(Mirʹi·am) [possibly, Rebellious].
1. Daughter of Amram and his wife Jochebed, both of the tribe of Levi; sister of Moses and Aaron. (Nu 26:59; 1Ch 6:1-3) Though not specifically named in the account, she was undoubtedly the one termed “his sister” who watched to see what would become of the infant Moses as he lay in an ark placed among the reeds of the river Nile. (Ex 2:3, 4) After Pharaoh’s daughter discovered the babe, “felt compassion” for it, and recognized that it was “one of the children of the Hebrews,” Miriam asked if she should summon a Hebrew woman to nurse the child. Being told to do so by Pharaoh’s daughter, “the maiden went and called the child’s mother” (Jochebed), who was thereafter employed to care for Moses until he grew up.
Leads Israel’s Women in Song. Years later, after witnessing Jehovah’s triumph over Pharaoh’s military forces at the Red Sea and upon hearing the song of Moses and the men of Israel, “Miriam the prophetess” led the women of Israel in joyful tambourine playing and in dancing. Responding to the song led by Moses, Miriam sang: “Sing to Jehovah, for he has become highly exalted. The horse and its rider he has pitched into the sea.”
Complains Against Moses. While the Israelites were in the wilderness, Miriam and Aaron began to speak against Moses because of his Cushite wife. Moses’ prominence and influence with the people may have created in Miriam and Aaron a jealous desire for more authority, so that they kept saying: “Is it just by Moses alone that Jehovah has spoken? Is it not by us also that he has spoken?” But Jehovah was listening and suddenly instructed Moses, Miriam, and Aaron to go to the tent of meeting. There God reminded the murmurers that their brother Moses was His servant, the one with whom God spoke, not indirectly, but “mouth to mouth.” Jehovah next asked Miriam and Aaron: “Why, then, did you not fear to speak against my servant, against Moses?” God’s anger got to be hot against them and, as the cloud over the tent moved away, “Miriam was struck with leprosy as white as snow.” Aaron made a plea for mercy, Moses interceded for her, and Jehovah allowed Miriam to return to the camp after a humiliating seven-day quarantine.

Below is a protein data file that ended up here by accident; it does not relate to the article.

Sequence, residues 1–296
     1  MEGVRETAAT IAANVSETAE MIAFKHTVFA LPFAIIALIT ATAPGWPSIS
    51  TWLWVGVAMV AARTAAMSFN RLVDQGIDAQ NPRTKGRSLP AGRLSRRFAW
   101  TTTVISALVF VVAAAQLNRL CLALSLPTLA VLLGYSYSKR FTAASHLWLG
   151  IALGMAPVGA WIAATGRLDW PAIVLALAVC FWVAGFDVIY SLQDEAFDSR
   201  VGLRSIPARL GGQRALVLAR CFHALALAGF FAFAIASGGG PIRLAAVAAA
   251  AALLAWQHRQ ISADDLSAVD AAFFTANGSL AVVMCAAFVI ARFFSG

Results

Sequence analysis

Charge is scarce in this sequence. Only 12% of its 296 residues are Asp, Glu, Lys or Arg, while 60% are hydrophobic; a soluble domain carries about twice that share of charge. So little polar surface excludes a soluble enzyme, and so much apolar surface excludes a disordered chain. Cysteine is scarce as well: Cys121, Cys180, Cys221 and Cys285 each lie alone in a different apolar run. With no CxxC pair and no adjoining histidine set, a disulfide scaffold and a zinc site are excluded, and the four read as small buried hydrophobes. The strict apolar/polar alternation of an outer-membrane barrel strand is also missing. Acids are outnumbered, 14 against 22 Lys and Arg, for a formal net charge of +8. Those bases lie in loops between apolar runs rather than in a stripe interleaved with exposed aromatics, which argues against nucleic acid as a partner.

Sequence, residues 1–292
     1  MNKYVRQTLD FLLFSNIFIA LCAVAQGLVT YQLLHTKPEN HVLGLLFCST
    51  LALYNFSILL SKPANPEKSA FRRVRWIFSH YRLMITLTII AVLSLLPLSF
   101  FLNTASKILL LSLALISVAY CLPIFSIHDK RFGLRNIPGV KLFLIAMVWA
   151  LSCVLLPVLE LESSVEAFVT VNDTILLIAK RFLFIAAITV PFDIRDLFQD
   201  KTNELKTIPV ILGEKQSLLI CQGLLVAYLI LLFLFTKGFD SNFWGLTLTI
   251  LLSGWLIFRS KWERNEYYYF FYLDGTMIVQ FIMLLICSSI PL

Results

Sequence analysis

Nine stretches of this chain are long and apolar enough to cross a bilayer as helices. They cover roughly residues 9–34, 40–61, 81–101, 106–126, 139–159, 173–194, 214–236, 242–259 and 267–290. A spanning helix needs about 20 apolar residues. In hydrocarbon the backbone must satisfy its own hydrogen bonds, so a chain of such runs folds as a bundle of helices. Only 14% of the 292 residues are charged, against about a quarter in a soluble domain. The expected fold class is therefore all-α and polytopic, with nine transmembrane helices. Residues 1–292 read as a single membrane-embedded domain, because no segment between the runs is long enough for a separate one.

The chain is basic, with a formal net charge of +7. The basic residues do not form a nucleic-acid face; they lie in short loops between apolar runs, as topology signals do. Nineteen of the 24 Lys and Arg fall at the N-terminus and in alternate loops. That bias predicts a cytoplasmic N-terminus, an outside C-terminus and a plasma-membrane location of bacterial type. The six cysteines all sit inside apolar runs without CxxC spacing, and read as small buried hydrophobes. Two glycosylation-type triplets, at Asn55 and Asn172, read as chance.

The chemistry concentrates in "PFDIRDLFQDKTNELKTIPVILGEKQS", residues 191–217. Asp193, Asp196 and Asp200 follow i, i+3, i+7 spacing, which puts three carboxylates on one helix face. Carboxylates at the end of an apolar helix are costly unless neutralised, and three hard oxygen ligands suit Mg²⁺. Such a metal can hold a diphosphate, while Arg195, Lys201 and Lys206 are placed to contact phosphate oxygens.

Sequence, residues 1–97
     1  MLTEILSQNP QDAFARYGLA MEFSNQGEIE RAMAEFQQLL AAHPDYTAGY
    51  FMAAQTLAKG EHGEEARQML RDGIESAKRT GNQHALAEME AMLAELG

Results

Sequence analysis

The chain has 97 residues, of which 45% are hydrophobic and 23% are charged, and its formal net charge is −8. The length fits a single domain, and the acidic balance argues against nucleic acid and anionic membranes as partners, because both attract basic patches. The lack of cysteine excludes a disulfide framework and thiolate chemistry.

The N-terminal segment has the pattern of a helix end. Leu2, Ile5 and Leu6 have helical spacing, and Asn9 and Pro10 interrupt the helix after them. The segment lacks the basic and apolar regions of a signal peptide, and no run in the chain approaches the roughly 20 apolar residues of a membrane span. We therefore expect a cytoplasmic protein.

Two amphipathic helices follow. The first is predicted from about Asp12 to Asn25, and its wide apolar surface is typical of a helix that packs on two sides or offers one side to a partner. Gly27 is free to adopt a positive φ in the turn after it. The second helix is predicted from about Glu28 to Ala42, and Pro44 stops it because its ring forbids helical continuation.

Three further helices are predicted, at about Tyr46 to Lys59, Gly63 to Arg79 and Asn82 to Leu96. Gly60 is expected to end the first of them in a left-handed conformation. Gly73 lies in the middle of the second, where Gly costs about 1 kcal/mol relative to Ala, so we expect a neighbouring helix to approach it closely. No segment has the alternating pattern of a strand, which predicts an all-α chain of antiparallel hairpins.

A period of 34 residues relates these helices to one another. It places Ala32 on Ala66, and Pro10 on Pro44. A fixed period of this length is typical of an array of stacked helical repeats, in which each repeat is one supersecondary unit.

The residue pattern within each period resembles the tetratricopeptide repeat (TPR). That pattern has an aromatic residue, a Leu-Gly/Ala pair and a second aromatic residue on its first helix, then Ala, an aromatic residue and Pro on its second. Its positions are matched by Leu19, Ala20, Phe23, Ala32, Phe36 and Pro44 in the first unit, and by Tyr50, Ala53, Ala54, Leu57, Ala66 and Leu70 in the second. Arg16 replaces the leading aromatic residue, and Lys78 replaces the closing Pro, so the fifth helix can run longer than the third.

The fact that only Miriam was stricken with leprosy may suggest that she was the instigator of wrong conduct on that occasion. (See AARON.) Her sin in murmuring against Moses may have been greater than Aaron’s, possibly even being a case of jealousy of a woman against another woman (since they began to speak against Moses on account of his Cushite wife), with Aaron siding in with his sister rather than his sister-in-law. Since Miriam was viewed as a prophetess, she may have enjoyed being the most prominent woman in Israel. So Miriam perhaps feared that Moses’ wife would eclipse her. Regardless of such possibilities, however, and while it was grossly improper for both Miriam and Aaron to murmur against Moses, it was especially wrong for Miriam to do so because of woman’s God-assigned place of subjection to the man. (1Co 11:3; 1Ti 2:11-14) Miriam’s sinful conduct was later used as a warning example, for at the end of the wilderness trek Moses told the people to comply with priestly instructions regarding leprosy and urged them to remember what Jehovah had done to Miriam when they were coming out of Egypt.
Miriam died and was buried at Kadesh in the Wilderness of Zin, shortly before Aaron’s death. (Nu 20:1, 28) Centuries later, through his prophet Micah, Jehovah called to remembrance the privilege Miriam enjoyed in association with her brothers when Israel came out of Egypt, saying: “For I brought you up out of the land of Egypt, and from the house of slaves I redeemed you; and I proceeded to send before you Moses, Aaron and Miriam.”